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2007 Grant - Jak
Activity Levels, Cognition and Temporal Lobe Integrity in At-Risk Adults
Amy Jak, Ph.D.
Veterans Medical Research Foundation
San Diego, California
2007 New Investigator Research Grant
Increasing evidence indicates that healthful lifestyle choices — including physical activity and cognitively stimulating pastimes — can help reduce cognitive decline as people age. Yet scientists know little about how these activities exert their positive influence on cognition over time. Moreover, certain genetic risk factors, including the gene variant APOE-e4, increase the chance of an individual developing cognitive loss and Alzheimer's disease. To better understand who is at highest risk for Alzheimer's, scientists will need to understand how genetic risk factors and the biological effects of lifestyle choices may interact with one another in the aging brain.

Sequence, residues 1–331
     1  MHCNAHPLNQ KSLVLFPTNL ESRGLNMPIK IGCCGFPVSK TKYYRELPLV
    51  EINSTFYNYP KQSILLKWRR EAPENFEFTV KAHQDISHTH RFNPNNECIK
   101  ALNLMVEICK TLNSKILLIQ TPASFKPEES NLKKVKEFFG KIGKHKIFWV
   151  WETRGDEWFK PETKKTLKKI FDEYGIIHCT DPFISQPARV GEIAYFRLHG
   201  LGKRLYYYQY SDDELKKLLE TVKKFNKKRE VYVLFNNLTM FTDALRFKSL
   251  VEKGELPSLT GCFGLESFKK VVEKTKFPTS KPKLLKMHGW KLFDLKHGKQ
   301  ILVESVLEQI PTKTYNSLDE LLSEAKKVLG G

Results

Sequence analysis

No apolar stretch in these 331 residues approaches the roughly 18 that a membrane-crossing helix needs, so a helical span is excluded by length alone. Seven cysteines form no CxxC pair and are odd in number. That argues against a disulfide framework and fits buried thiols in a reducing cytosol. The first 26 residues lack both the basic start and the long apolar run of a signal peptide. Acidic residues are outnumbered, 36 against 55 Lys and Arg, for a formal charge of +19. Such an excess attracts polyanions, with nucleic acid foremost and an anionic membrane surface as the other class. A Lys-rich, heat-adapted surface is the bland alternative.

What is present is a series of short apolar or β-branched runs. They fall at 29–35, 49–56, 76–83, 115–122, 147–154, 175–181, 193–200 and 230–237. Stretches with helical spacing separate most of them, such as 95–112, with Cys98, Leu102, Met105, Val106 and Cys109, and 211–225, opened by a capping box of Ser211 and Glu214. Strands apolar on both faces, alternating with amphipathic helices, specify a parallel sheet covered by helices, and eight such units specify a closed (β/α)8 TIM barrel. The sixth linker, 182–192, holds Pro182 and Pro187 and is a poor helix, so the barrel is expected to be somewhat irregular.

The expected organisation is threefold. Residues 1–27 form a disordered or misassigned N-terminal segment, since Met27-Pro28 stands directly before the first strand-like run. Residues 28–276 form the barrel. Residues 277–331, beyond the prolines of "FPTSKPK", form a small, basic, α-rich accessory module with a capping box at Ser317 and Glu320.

For this proposed grant, Amy Jak, Ph.D., and colleagues will conduct an extensive genetic and cognitive study with a group of normally aging adults aged 45 to 85. The researchers will gather questionnaire results, cognitive test data, brain scans and genetic information from their group. They will then use this information to identify any relationships between the participants' activity levels and their cognitive abilities and brain health. Specifically, Dr. Jak's team will determine if certain activity levels may modify the effects of genetic risk factors for cognitive decline. Such modifications could affect cognition, brain structure and the amount of blood flow to the brain. The researchers predict that individuals with higher activity levels will display larger brain volumes, increased blood flow to the brain and better cognitive performance than those with lower activity levels. Such differences could exist even among people at the highest genetic risk for Alzheimer's.
Dr. Jak's study could shed new light on the relationships between healthful lifestyle choices and Alzheimer's disease. It could also lead to activity-based strategies for both preventing and treating the disease.